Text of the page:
Here is a photo of Luzhkov (on the left) looking satisfied with a job well done.

Yuri Luzhkov photo Zurab Tsereteli Studio Museum Moscow

Zurab Tsereteli’s stranglehold on sculpture in Moscow may have been loosened with the downfall of Luzhkov in 2010, but he has not entirely lost his artistic clout, although what saved Peter the Great from being dismantled and summarily shipped off to the reluctant St Petersburg was the new mayor’s discovery of just how much this would cost, apparently.

Now in his 80s, Tsereteli is still the president of the Russian Academy of Arts. He is linked to one of the Russian themepark projects currently proceeding apace (wheeeeee!). His private collection formed the basis of the Moscow Museum of Modern Art. And although the MMOMA is now state-run, one of the buildings that forms this art collective is the Zurab Tsereteli Studio Museum dedicated to his works.

Mama’s google fu seems to suggest it is also his former home, and definitely a mansion house once belonging to the Gorbunovs, before it was requisitioned by the Soviets.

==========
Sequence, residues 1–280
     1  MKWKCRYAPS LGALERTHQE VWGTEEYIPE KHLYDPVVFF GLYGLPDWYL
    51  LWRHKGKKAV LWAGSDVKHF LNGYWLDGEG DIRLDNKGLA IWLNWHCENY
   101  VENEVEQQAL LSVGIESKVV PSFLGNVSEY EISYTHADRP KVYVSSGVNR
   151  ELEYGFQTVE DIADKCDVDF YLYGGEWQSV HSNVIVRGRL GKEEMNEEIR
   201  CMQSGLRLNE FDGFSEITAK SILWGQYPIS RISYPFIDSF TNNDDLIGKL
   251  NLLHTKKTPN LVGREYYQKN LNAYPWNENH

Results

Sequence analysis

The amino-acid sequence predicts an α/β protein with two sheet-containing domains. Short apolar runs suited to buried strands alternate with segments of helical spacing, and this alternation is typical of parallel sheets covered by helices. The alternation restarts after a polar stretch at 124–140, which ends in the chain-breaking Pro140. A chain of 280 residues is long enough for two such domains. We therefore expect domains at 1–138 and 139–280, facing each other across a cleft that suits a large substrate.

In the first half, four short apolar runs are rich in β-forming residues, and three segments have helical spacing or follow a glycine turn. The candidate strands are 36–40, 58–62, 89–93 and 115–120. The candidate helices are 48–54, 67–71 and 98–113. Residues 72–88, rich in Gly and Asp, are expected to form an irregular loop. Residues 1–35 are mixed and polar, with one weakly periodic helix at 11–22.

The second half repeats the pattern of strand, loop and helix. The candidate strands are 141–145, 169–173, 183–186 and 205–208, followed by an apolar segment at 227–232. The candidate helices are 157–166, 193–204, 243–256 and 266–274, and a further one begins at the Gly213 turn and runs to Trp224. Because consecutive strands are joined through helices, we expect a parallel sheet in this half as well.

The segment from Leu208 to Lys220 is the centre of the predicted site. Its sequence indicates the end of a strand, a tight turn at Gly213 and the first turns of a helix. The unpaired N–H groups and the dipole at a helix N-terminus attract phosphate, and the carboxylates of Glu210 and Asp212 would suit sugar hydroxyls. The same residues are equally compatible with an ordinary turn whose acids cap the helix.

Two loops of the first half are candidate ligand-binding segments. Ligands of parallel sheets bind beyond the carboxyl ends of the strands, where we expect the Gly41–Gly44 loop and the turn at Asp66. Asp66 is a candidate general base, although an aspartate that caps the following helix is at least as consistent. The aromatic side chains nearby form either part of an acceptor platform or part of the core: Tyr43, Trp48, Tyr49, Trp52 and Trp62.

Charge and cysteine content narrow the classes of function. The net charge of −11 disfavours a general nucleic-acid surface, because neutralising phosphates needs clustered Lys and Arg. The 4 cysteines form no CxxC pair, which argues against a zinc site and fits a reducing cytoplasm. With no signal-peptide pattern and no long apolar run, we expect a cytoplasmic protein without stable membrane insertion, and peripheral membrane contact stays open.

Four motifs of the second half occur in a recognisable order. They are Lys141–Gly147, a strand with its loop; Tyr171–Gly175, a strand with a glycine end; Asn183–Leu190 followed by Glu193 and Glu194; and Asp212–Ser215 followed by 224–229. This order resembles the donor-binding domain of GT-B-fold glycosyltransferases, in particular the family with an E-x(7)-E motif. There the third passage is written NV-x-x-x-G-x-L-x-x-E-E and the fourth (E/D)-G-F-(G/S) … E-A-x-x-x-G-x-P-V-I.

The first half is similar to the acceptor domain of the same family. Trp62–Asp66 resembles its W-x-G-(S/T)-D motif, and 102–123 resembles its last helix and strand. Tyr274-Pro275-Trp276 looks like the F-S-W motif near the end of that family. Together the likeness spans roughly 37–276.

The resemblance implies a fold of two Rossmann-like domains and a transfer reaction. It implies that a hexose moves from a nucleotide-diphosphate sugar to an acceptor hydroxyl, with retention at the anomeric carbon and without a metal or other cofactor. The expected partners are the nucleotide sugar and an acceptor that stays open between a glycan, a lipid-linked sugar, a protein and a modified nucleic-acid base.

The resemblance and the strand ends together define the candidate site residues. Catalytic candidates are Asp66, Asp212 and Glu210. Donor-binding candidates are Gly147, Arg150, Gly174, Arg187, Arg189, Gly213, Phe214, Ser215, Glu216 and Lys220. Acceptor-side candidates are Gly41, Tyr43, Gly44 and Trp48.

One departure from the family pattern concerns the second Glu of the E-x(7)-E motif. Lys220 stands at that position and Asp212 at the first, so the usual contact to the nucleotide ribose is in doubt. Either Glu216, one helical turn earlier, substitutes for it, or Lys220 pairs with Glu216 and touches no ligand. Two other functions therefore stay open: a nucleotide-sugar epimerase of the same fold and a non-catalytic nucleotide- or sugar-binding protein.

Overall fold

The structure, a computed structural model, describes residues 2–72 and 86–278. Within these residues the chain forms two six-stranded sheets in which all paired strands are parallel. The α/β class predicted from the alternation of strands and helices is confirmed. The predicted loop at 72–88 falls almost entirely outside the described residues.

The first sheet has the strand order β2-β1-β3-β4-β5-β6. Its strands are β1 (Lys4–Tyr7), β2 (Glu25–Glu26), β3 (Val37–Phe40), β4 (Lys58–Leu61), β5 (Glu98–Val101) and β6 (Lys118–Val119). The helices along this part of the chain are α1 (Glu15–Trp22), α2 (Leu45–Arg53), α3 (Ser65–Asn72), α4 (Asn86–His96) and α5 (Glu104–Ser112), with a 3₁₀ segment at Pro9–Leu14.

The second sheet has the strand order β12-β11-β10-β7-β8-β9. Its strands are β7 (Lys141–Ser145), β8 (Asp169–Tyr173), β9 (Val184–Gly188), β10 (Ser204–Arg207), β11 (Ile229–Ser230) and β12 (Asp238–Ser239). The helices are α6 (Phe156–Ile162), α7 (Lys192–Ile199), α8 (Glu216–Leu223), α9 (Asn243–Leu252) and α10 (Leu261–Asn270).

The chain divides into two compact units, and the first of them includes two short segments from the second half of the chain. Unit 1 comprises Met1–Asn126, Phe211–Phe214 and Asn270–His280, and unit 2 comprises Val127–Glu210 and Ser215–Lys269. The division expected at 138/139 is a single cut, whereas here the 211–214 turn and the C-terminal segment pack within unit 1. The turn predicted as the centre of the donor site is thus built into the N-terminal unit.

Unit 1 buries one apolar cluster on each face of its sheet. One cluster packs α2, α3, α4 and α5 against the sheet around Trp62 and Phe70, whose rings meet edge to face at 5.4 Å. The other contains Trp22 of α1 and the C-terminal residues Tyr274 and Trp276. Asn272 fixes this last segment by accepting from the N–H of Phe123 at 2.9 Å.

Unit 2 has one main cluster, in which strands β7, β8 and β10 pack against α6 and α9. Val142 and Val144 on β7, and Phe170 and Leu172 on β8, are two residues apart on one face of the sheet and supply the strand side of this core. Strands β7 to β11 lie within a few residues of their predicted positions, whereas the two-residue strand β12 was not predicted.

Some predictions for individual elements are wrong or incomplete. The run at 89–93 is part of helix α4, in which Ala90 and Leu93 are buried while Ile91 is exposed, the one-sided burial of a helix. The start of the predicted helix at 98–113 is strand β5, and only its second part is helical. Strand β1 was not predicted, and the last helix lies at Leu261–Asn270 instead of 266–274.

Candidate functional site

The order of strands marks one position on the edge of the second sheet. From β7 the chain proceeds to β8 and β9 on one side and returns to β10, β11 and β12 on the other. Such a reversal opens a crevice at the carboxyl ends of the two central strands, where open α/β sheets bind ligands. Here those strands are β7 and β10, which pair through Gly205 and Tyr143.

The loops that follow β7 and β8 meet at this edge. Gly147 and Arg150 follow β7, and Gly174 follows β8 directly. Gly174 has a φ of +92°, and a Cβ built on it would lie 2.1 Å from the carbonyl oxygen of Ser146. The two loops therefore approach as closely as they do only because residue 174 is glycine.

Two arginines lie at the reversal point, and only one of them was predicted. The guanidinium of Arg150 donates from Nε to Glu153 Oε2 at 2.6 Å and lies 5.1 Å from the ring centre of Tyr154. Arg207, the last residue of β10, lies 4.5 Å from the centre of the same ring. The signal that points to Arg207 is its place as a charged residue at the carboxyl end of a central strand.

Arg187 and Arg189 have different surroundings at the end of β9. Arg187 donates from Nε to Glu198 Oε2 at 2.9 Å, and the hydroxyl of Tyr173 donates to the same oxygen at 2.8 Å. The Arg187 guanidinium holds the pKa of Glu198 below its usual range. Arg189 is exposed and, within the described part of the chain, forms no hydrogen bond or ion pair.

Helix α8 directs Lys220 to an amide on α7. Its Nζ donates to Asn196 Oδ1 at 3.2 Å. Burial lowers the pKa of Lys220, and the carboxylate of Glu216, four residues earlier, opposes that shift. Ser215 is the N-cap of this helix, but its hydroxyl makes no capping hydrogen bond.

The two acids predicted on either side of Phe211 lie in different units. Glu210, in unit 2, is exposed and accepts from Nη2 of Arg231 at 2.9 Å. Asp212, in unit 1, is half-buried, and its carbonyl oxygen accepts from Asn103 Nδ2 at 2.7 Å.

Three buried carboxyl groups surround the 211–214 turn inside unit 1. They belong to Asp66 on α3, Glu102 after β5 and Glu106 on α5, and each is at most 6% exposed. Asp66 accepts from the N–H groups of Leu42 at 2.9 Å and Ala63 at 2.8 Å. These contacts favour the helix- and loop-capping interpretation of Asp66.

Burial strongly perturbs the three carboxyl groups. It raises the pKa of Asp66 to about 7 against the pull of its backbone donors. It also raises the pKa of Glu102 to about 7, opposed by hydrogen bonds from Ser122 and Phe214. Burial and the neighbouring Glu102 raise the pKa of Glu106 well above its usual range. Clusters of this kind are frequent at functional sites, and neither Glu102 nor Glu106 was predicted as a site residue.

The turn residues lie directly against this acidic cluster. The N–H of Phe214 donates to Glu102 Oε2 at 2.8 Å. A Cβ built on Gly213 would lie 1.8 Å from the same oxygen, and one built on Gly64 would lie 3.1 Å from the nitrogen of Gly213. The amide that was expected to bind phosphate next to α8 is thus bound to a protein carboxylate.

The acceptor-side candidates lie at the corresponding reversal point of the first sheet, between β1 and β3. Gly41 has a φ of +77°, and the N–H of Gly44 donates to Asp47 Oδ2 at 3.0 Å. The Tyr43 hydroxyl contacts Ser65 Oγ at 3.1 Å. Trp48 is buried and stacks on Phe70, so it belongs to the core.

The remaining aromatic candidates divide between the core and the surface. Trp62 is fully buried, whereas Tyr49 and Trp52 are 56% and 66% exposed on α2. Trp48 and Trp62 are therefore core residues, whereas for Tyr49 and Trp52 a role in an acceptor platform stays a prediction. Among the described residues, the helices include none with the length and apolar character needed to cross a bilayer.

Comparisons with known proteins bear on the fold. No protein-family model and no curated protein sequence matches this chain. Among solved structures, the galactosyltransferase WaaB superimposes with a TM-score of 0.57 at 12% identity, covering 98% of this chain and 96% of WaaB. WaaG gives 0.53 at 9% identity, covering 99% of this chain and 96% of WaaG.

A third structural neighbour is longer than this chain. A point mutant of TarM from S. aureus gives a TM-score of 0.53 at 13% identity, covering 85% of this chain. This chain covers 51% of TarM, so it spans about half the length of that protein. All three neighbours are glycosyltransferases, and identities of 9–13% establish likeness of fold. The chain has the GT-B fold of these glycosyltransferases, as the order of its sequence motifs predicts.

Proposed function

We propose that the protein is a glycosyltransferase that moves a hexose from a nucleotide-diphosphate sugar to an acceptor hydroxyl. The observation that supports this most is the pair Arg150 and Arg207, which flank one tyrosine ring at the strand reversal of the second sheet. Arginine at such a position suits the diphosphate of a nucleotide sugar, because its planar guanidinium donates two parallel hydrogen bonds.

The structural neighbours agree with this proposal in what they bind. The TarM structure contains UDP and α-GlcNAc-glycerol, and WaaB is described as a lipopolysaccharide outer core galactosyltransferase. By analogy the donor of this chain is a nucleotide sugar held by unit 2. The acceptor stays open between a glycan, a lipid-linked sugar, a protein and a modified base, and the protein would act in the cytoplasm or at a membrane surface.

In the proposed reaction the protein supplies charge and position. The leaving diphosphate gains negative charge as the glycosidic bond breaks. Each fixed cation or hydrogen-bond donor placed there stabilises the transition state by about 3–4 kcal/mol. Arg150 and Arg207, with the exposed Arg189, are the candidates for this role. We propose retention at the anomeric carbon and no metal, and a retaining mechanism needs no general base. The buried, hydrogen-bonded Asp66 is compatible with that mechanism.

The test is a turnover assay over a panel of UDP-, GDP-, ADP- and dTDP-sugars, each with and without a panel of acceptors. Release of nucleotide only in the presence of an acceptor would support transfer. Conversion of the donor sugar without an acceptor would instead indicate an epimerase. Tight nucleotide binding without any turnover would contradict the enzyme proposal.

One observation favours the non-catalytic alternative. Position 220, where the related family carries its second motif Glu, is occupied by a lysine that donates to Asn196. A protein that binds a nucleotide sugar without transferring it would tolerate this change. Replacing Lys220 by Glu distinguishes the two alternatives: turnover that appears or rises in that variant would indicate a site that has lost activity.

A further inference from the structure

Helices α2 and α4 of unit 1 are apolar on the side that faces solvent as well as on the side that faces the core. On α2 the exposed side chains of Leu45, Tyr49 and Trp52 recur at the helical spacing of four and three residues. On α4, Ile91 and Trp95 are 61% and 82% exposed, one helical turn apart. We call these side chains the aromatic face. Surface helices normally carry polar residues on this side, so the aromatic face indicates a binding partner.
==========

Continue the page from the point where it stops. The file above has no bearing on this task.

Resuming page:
That’s where Mama took us recently.

Well, look, the outside of the building is enough to entice anyone inside, surely?

Entrance to the Zurab Tsereteli Studio Museum Moscow

Although when we got in the Zurab Tsereteli Studio Museum we were shown straight back out again into the courtyard, where there are a lot of sculptures.

As well as a lot of mock ups of some of Tsereteli’s bigger statues elsewhere, Mama was surprised to discover that she was not as au fait with the Tsariteli oeuvre as she thought she was – she hadn’t realised that the mosaic animal sculptures at the Moscow Zoo are his.

Mosaic fish Zurab Tsereteli Studio Museum Moscow